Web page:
A popular parenting site predicts 3D printed fetuses will be one of 2016’s hottest trends.
For the past decade or so, 3D and 4D ultrasounds have been all the rage among expectant parents, but one of UK’s top parenting sites predicts this will be the breakout year for something much creepier: the 3D printed fetus.
Channel Mum is the UK’s most popular video-based parenting community and website, and they recently released their predictions for the trends that will sweep the parenting world in 2016. Number one on their list was 3D printed fetuses — essentially little dolls or casts printed to resemble a 3D ultrasound.
There are a few online retailers who make the dolls and casts, and they’re available in a variety of sizes and skin tones. Both are printed using ultrasound images you provide, and you can indicate what skin tone you’d like. For the dolls, you can even choose whether or not to have it flashing it’s genitalia, because that’s not weird at all. Basically these companies reproduce the baby’s face from your images, then they print it out and voila! You’ve got a new way to creep out the people closest to you.
The small face castings cost around $300 and the full-size dolls retail for $250 to $550, depending on what size you want. Sure, that’s the cost of a brand new, top-of-the-line car seat or stroller, but a fake fetus in a box just seems like such a better use of your money, doesn’t it? You can display it in your living room to get that “waiting room at the OB/GYN” feel you’ve always wanted in your house.
We’ve had the technology to create these nightmare souvenirs for a few years, but they’ve yet to really catch on. The dolls first made the press rounds in 2013 when an entrepreneur launched an Indiegogo campaign to get funding for a 3D fetus printing company. That company — called 3D Babies — still exists, and if Channel Mum’s predictions are right, this might just be their time to shine.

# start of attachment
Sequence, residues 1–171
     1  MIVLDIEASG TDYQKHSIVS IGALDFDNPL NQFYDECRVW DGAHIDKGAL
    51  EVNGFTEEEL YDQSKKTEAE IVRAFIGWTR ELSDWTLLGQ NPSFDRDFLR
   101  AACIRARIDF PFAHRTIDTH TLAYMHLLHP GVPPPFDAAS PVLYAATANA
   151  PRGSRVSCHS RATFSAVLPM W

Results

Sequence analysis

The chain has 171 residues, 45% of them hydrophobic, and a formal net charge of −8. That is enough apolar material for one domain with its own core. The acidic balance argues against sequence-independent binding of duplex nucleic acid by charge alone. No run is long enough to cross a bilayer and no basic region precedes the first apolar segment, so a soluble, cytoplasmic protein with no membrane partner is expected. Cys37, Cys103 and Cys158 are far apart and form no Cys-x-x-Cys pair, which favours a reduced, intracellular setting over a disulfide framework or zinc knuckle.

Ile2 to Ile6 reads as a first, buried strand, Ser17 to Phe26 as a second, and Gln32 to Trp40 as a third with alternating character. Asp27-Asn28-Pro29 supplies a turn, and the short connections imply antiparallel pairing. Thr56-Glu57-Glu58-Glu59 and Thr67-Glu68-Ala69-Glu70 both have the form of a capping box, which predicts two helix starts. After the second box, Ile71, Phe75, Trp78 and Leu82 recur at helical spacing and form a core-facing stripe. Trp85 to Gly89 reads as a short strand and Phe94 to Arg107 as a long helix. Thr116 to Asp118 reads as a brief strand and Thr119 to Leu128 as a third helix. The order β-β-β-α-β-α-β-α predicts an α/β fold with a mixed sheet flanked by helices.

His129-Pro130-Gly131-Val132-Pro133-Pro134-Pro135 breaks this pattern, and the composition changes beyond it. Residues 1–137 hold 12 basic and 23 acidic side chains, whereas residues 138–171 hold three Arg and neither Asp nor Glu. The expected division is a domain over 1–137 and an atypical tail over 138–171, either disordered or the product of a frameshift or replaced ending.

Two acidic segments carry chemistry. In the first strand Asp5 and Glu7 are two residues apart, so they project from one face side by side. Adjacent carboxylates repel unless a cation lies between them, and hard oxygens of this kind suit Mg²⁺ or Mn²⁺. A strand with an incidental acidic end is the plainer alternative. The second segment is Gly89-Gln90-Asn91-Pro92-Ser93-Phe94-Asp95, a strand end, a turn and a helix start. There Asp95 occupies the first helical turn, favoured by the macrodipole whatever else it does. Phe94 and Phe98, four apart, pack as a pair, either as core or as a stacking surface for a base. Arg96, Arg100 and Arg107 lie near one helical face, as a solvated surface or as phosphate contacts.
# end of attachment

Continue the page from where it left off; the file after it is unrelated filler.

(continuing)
The question is, of course, why 3D fetus prints are expected to be a trend. The word “trend” implies that lots and lots of people will be into this, but I fail to see how that many people will think it’s a good idea to pony up $300-500 for something that essentially makes your unborn baby look like Gollum from The Lord Of The Rings. I mean, it’s not a model of your adorable infant. It’s a weird, misshapen blob based on a 3D ultrasound photo that already makes most babies look like a demon stuck in a lava lamp. What’s chic and trend-worthy about that?
As grateful as I am for technology, sometimes it’d be nice if we didn’t have the ability to take everything way too far. Yes, pregnancy is exciting, and yes, your fetus is probably the most special snowflake fetus to ever exist, but we put our families and friends through enough with the constant ultrasound photos. The last thing we need is a handheld monument to our womb-mate that we can pass around at parties.
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